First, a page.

We are about a month into our 2018 calving season and I am loving all the new faces on the farm. Our first baby calves starting arriving in early January and will continue through March. Everyone understands the basics of pregnancy and birth, but here are a few details on the who calving process I know my fellow mother friends will appreciate.
Cows have the same gestational period as humans. Cows and people carry their unborn for 40 weeks or 9 months. Calves can be born early and easily survive, but if they come too early they will often suffer from undeveloped systems and fragile health. But with a little extra care and a watchful eye, these preemies usually end up just fine. A full-term calf will weigh somewhere around 70 pounds at birth, and that number jumps to about 85 pounds for a calf from a mother who has previously given birth. (Why the increase? Cows usually have their first calf at age two and will continue to grow so that they have a larger frame and more room to carry a larger calf once they hit 3 years of age.)
Calves receive all nutrients from their mother. Be it in the womb or during the first months of their lives, calves subsist exclusively on the nutrients delivered through their mother’s milk. That means we, as the farmers, must provide the mother with a nutrient-dense, well-rounded diet. Because these mothers’ third trimester occurs in the late fall and winter months, when grass is more scarce, we provide supplemental hay, distillers (made from corn during the ethanol production process) and grain pellets to ensure they are receiving enough protein and carbs. We will continue them on this diet through the spring since they will need the extra calories for nursing. Just like humans, a mother cow’s milk is the only food a baby calf needs for the first six months of their life. They can and often do try to eat grass or hay during that time but their digestive systems simply are not mature enough to process those items. By the fall they will have transitioned to a diet of grass supplemented by mother’s milk. P.S. Calves are born with teeth – ouch!
Birthing is a natural process, but a little help is sometimes needed. For centuries humans gave birth with little to no medical assistance. Babies were born at home with a doctor no where to be found. The same is true for cows. However, just like in humans, things don’t always go as planned. Our first time mother cows are called heifers and those ladies require the most oversight. My husband and his father will take turns checking on our heifers every four hours or so around the clock to ensure everyone is doing well. But it’s not uncommon to have to pull a calf from a mother who is struggling or is just worn out, and on the rare occasion a veterinarian will be called out to perform a c-section. A mother cow will then need to begin licking her calf clean and encouraging the calf to stand and drink. This should all happen in the first few hours after birth. If it doesn’t we will intervene.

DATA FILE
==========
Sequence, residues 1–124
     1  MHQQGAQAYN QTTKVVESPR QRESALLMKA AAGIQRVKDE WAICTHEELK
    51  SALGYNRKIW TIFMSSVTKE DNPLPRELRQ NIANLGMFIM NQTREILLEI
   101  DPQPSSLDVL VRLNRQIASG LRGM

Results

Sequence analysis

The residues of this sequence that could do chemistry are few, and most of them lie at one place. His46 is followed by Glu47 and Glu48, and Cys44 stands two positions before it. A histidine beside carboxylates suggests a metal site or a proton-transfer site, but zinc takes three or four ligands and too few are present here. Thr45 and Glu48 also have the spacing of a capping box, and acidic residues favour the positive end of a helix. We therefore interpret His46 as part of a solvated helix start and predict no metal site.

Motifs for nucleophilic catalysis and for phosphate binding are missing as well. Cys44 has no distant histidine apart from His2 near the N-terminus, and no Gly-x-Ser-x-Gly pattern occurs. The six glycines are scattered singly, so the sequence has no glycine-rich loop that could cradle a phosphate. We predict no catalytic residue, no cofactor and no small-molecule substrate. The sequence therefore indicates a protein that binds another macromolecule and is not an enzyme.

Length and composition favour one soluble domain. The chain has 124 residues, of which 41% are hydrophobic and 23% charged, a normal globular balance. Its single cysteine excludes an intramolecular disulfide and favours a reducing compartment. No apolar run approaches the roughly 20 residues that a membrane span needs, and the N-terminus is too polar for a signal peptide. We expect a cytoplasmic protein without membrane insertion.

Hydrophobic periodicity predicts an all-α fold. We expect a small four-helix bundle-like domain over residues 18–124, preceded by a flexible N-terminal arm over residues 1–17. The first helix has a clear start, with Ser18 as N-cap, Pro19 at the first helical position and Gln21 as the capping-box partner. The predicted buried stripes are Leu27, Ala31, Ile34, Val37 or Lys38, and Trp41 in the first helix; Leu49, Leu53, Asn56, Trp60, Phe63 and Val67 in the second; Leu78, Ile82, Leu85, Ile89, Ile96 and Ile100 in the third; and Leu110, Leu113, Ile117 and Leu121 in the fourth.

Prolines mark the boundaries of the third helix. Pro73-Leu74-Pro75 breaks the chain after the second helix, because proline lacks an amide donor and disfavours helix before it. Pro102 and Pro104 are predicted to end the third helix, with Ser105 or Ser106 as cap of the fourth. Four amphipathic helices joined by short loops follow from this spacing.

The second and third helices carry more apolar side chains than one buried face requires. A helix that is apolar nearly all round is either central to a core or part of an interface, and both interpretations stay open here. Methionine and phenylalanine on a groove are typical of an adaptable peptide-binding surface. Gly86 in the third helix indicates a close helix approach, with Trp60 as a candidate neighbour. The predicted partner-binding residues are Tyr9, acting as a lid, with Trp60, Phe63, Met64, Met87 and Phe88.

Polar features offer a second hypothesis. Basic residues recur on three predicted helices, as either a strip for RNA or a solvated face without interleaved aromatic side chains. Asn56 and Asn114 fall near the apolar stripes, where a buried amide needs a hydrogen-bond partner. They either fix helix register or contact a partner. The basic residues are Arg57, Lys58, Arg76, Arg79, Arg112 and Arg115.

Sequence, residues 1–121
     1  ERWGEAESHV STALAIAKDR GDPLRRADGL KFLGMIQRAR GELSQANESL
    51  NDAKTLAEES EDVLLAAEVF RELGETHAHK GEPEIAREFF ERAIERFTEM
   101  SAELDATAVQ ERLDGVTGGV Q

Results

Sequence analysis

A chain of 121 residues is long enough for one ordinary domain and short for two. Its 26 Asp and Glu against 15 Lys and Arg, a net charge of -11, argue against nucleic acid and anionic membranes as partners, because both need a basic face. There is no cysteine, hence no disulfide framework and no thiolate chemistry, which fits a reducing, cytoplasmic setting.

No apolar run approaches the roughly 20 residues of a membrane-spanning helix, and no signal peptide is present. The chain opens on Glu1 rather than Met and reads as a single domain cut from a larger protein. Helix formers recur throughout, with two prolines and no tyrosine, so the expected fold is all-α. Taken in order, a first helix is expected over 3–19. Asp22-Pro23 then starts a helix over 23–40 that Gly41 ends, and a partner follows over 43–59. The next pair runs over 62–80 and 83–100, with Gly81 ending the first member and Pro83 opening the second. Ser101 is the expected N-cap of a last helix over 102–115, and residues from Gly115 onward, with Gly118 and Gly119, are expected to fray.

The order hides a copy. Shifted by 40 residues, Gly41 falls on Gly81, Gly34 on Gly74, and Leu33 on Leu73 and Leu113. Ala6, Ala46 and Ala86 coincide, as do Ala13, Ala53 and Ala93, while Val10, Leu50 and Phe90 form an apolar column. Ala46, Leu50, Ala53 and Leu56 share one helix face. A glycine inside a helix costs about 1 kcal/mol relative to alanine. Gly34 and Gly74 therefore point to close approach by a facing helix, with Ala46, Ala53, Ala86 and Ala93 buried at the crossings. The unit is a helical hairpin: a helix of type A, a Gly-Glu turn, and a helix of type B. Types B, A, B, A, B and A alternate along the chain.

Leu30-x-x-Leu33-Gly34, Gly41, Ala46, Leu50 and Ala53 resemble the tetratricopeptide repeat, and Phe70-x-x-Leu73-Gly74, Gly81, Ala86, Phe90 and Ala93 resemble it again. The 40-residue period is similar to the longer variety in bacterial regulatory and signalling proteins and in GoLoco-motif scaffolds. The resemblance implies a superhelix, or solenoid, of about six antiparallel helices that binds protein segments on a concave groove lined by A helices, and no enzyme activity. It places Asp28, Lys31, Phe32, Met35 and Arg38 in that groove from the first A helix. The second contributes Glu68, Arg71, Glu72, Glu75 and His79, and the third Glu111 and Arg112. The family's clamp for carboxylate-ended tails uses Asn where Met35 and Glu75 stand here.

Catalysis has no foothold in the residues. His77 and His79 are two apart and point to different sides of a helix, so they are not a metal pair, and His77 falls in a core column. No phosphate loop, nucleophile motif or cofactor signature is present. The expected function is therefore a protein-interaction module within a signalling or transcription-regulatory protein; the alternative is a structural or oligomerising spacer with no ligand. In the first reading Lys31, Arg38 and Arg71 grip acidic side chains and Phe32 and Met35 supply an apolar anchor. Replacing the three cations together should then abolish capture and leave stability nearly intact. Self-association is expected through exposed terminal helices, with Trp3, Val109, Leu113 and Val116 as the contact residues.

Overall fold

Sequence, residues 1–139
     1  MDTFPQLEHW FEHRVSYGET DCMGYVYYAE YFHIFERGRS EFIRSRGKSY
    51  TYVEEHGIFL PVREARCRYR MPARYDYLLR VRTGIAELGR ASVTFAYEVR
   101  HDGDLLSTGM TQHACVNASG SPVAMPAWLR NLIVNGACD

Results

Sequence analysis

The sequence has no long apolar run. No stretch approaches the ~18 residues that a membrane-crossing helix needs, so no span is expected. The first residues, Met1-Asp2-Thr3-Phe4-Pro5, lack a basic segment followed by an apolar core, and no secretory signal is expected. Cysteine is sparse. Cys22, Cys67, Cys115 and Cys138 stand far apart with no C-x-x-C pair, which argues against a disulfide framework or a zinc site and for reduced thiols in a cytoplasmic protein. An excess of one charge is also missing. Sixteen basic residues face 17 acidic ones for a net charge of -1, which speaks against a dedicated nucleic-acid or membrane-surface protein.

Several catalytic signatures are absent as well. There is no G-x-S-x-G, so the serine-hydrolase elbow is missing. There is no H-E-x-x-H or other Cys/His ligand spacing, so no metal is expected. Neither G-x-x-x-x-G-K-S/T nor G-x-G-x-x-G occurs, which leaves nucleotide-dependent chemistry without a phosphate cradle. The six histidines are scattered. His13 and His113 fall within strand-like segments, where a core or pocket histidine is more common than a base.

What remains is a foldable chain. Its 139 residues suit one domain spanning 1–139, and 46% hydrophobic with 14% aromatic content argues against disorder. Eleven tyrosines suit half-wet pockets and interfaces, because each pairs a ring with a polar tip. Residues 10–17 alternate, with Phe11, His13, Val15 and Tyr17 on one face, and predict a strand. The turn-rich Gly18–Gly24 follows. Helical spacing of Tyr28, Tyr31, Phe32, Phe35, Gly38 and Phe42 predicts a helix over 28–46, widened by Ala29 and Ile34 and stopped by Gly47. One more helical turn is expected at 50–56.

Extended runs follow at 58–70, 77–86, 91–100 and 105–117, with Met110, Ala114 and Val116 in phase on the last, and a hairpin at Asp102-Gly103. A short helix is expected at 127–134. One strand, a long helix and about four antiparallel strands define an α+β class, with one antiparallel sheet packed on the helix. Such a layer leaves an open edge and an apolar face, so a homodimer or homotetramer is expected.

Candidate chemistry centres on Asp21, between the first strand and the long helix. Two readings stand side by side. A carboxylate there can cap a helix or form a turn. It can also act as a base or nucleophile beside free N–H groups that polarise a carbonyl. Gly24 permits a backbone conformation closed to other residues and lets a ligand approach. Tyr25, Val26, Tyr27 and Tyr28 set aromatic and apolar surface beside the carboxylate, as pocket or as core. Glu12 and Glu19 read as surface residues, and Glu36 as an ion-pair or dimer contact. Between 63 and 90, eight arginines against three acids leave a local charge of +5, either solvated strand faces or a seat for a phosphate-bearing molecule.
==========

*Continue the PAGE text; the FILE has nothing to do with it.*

Daycare is a thing. If you drive by a pasture or field with mother cows and baby calves, you’ll often find one mother with a group of calves. No she didn’t have quadruplets, she’s just the designated babysitter for that day. Mother cows work together to watch over baby calves because the calves will initially spend most of their time sleeping or lounging in the sun. However, just like humans, a baby calf and mother will recognize one another by scent and sound. A baby knows when it’s his or her mother calling for lunch.
Mothers Rock. Most of us humans would earn passing grades on mothering but I’m gonna guess that our mother cows would exceed us in parenting abilities. Remember, mother cows do not have hubbies to lean on when caring for these babies, they are on their own. But they do an amazing job of feeding cleaning and watching over their calves. They will tuck the babies away under shelter or in a hedge row when the weather gets crummy and will stand guard when prey like coyotes or wolves attempt to attack the younger members of the herd. As I noted before, the mother cows work together – that’s where we get the phrase herd mentality – to protect one another and their young. That strong maternal instinct makes our jobs so much easier and allows us to keep watch but not have to be present every moment of the day. In fact, a vast majority of our mother cows will give birth and raise their calf with little to no intervention from us. And that’s the way we prefer it. When selecting bulls and cows for our cow herd, we look for maternal instincts – yes some breeds of cattle are considered more maternal than others – strong udders and well built mother cows.